In an article, Yes, Forcing an Anaconda to Eat a Human on TV Is a Bad Idea, the "world’s foremost expert on anacondas", Jesús Rivas claims:

"The concern is that all that these shows do is to paint the snakes as the bad guys," he added. "While anacondas might be able to eat a person, this has not been confirmed as a reality, to my knowledge (basically because snake and humans overlap very little). "

Are there no verified cases of humans being eaten by an anaconda?

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    photographic evidence? casatrudel.com/anaconda.htm
    – Jodrell
    Commented Nov 11, 2014 at 17:31
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    @Jodrell Thanks, interesting pictures but it doesn't seem to be an anaconda: "The snake photos you posted don't match the story you've heard about them. The snake pictured is most definitely not an Anaconda. It is a Reticulated Python (Python Reticulatus) which only occurs in South-East Asia (Indonesia, Malaysia, Singapore, Thailand, Cambodia). " Commented Nov 11, 2014 at 17:39
  • just checking in, @jodrell the site is still up and still with that slightly (ahem) retro flavour from the internet of the 90s. Geocities, only without the ads :D
    – EarlGrey
    Commented Mar 22, 2022 at 20:23

2 Answers 2


As of 1999, there were two documented attacks by green anacondas (Eunectes murinus) on humans. Neither human was eaten, see Predatory attacks of green anacondas (Eunectes murinus) on adult human beings, Herptological Natural History. 6(2): 158-160:

In my experience catching anacondas of all sizes, I have found that large individuals are very unlikely to attack when disturbed. Indeed, to the present I have caught and processed more than 120 animals larger than 4 meters and none tried to bite until I (or one of my helpers) had either, dragged the animal out of the water by its tail, or secured a firm grip on the animal’s neck (Rivas 1999). Large individuals tended to swim away when disturbed. Recaptured animals are, if anything, even more skittish than naive ones and try to escape as soon as they detect the proximity of the researchers.

Note the concluding sentence though,

Although anacondas are not "man-eaters" by nature, they are generalists and will take any prey that they can subdue and swallow. Thus, the potential exists for anacondas to prey on people.

Another credible source explains why human consumption by anaconda is unlikely and remains undocumented as of 2012 see section six, Did they ever try and eat you?

Pythons and especially reticulated pythons are a different matter; a 10 year-old was swallowed in 2002 in South Africa, and in the 1970’s a Portugese soldier was found inside the stomach of a python.

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    +1 though this is a bit circular. The article you cite was written by the same author cited by the OP. We already know he claims that no such attacks are documented so this is not really providing more information.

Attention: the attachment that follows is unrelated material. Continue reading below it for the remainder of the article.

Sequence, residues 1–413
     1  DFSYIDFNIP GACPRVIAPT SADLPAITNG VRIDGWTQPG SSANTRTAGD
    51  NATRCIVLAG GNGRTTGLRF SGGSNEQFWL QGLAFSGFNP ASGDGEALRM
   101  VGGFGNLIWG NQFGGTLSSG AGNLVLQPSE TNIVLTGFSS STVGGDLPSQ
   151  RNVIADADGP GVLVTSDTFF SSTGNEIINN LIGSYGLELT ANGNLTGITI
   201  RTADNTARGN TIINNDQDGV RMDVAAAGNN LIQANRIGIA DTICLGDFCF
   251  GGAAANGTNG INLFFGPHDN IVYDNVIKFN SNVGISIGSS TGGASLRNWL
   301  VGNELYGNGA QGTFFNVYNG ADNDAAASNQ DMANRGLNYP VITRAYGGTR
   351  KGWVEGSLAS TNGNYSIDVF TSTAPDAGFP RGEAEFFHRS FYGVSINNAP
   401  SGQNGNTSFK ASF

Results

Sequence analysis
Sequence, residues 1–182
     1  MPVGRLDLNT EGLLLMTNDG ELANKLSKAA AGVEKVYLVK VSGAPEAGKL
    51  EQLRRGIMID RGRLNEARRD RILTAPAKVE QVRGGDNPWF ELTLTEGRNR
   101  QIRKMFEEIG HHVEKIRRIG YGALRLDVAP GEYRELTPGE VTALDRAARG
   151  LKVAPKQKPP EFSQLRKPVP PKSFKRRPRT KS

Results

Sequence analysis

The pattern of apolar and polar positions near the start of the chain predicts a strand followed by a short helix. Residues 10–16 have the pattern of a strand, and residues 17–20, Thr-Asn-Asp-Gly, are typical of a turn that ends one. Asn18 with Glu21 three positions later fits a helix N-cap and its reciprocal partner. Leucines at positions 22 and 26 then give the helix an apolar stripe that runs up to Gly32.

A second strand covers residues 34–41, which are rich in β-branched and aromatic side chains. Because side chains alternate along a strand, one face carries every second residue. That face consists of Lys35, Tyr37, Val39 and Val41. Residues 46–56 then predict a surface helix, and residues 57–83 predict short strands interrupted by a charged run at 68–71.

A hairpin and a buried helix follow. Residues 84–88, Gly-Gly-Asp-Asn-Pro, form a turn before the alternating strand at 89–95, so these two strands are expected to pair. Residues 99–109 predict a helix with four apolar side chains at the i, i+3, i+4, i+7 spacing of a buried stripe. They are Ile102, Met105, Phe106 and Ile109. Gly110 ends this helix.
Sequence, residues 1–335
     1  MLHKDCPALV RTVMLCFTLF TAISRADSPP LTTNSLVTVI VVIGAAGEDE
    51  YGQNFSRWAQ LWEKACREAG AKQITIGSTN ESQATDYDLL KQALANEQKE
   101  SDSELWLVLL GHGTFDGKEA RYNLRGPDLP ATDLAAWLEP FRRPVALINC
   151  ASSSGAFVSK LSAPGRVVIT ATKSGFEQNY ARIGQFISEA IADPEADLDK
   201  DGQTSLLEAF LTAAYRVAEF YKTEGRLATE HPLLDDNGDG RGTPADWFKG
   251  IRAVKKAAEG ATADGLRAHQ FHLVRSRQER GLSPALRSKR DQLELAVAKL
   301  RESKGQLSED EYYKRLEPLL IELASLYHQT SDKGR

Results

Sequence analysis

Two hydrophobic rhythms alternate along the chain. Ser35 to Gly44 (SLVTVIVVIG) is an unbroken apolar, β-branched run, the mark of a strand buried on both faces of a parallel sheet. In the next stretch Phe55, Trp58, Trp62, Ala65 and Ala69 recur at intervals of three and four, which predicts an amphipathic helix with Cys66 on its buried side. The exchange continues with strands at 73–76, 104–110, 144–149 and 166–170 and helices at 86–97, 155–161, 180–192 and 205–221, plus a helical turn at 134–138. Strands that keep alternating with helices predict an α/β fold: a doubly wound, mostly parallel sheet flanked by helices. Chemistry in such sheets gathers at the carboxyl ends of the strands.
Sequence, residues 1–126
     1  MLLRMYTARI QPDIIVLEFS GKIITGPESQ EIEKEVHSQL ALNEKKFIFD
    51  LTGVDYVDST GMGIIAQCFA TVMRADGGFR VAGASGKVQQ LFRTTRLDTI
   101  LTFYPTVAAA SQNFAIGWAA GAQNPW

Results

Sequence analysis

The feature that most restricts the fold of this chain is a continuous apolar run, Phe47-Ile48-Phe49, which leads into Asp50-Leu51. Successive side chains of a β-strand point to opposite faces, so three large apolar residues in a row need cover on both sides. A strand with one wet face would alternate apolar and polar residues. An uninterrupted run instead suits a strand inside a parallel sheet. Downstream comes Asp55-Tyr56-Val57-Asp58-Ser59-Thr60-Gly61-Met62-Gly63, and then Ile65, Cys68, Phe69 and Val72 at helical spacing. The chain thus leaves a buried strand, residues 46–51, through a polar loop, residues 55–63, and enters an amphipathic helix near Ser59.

– terdon
    Commented Nov 11, 2014 at 15:48
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    It's not only a bit circular. Confirming a claim with an article written by the same person making the claim is rather pointless. Commented Nov 11, 2014 at 18:34
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    @Tor-EinarJarnbjo There were two separate articles. OP references Animal Behaviour. 62(3): F1-F6. I reference Herptological Natural History. 6(2): 158-160. Also the woman who retired as wildlife biologist for Discovery Channel confirmed it, my 2nd cite. Finally, the question asked for "Are there no verified cases of humans being eaten by an anaconda?" It is more difficult to prove "no verified cases" versus any. Commented Nov 11, 2014 at 18:38
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    If that one guys is the only one talking about it, then that's strong evidence for a lack of documented cases.
    – Jason
    Commented Nov 11, 2014 at 20:53
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    @EllieKesselman yes but both articles were written by the same author so the point is moot. Your second reference is indeed better since it reiterates the claim of no verified cases. It does, however, report a pretty good attempt though the snake was probably too small to eat the camera man whole.
    – terdon
    Commented Nov 12, 2014 at 15:44

Snakes need to categorize their prey visually into "swallowable" / "not swallowable". This is reasonably because if they have started to swallow there is generally no way back because of the preys anatomy (Horns, Legs ..) and their jaws.

Since big snakes won't stalk and round their prey before attack they need to use first vision to do the above mentioned characterization. The vision of a standing human will be confusing and most likely distracting because the frontal view of an upright person of 1.8m would suggest a much bigger body in any other species that would be "un-swallowable" by the snake.

People that are attacked by big snakes with non-defensive intention were most likely not standing or walking upright. This fits well with the reporting of (little) children beeing caught and reports on hunting communities in south asia were more man than woman had been attacked by reticulated pythons ( http://blogs.thatpetplace.com/thatreptileblog/2012/01/30/people-as-python-prey-giant-snakes-attack-150-kill-6-in-philippines/#.VGMOtFaEW2x )

To lastly answer your question:

There have been reports on pythons and anacondas killing humans (most likely children) but they are rare and suggesting that humans aren't an usual prey of snakes. The rational above might clarify why this is the case.


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